Metastases to the thyroid gland: seventeen cases operated on in a single clinical center.

3rd Chair of General Surgery, Department of Endocrine Surgery, Jagiellonian University College of Medicine, 37 Prdnicka Street, 31-202 Kraków, Poland.
Langenbeck s Archives of Surgery (Impact Factor: 2.16). 12/2006; 391(6):581-7. DOI: 10.1007/s00423-006-0081-1
Source: PubMed

ABSTRACT In spite of its rich vasculature, the thyroid gland is rarely the site of metastatic disease. The incidence of such metastases differs depending on the type of the analyzed material. In clinical papers, the incidence is low and, according to various sources, amounts to 2-3% of all malignant tumors of the thyroid. Most commonly, the primary tumor is located in the breast, bronchi, gastrointestinal system, (the colon, esophagus, or stomach) and kidneys. Usually, metastatic thyroid disease is identified upon autopsy, and only sporadic cases are encountered in clinical material. The authors present their experience in treating metastatic disease involving the thyroid gland based on the analysis of their clinical material consisting of patients operated on in a single center.
Seventeen patients presented with metastatic tumors of the thyroid. The material was further analyzed retrospectively. The group included four men and 13 women, with the male to female ratio of 1:4.25. The age of the patients ranged from 46 to 76 years, with the mean age amounting to 62+/-9.78 years. Eleven patients were diagnosed based on fine needle aspiration biopsy (FNAB).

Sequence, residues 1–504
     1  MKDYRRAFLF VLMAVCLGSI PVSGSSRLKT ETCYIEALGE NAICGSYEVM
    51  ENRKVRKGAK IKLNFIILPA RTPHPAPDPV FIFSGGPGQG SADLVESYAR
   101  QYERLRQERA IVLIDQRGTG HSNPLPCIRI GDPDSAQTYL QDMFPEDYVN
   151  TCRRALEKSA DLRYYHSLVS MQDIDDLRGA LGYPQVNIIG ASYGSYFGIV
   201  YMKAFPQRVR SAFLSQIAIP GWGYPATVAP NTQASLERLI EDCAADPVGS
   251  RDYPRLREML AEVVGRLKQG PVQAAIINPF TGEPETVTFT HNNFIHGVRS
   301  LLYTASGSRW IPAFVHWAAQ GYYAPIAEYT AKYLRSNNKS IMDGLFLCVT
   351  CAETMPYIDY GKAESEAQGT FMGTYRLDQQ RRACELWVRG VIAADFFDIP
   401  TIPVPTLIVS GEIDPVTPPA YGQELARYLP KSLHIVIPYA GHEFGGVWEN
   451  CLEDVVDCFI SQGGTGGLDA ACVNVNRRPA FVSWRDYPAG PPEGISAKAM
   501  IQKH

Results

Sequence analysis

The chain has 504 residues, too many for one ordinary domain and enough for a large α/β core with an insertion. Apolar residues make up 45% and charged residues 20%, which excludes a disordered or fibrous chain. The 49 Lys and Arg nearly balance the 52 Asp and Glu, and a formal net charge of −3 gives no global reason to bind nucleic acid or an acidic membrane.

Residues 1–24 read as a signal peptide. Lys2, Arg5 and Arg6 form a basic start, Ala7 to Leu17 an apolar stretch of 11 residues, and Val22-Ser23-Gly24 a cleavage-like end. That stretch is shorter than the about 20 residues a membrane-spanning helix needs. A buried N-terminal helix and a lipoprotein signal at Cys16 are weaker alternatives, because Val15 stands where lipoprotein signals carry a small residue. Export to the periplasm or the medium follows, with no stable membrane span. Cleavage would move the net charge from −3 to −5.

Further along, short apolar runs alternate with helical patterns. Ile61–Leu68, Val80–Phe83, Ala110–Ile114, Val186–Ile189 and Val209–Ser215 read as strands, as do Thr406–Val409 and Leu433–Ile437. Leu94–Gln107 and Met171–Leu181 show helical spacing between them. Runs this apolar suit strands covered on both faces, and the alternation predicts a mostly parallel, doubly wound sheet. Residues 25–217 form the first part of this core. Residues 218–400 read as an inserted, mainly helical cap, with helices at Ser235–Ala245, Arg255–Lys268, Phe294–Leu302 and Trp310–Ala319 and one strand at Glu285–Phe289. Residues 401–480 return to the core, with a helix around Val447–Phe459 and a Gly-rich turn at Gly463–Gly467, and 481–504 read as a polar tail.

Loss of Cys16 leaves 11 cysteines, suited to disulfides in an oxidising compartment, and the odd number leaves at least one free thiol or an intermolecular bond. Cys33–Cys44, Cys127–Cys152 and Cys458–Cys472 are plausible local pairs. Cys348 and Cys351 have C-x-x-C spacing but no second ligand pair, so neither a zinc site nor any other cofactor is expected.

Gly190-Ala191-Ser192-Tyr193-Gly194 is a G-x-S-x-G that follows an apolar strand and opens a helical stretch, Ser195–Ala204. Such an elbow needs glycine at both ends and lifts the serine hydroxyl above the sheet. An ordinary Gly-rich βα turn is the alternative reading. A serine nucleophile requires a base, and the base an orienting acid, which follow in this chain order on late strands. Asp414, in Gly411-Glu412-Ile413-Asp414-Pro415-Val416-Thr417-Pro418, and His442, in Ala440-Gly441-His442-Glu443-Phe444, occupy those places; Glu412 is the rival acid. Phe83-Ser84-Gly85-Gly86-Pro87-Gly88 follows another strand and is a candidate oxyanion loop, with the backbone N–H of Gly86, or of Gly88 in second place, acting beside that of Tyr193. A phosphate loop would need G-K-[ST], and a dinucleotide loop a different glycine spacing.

In 13 patients, the primary lesion was a clear cell carcinoma of the kidney, in one breast cancer, in another one uterine carcinoma. In two patients, no primary focus location was established. All the patients were treated surgically. Twelve patients were consistently followed up after the surgery. Of this group, seven are still alive, including five individuals with metastases of renal carcinomas, but without recurrent disease. Five patients died due to disseminated neoplastic disease. No data are available on three patients. The mean follow-up time after thyroid surgery was 3.9 years. The longest followed-up survival time was 11 years.
The most commonly clinically detected and treated surgically metastatic lesion of the thyroid gland is clear cell cancer of the kidney. In cases of renal cancer metastases to the thyroid gland, a total thyroidectomy seems to be warranted, although it does not affect the survival time.

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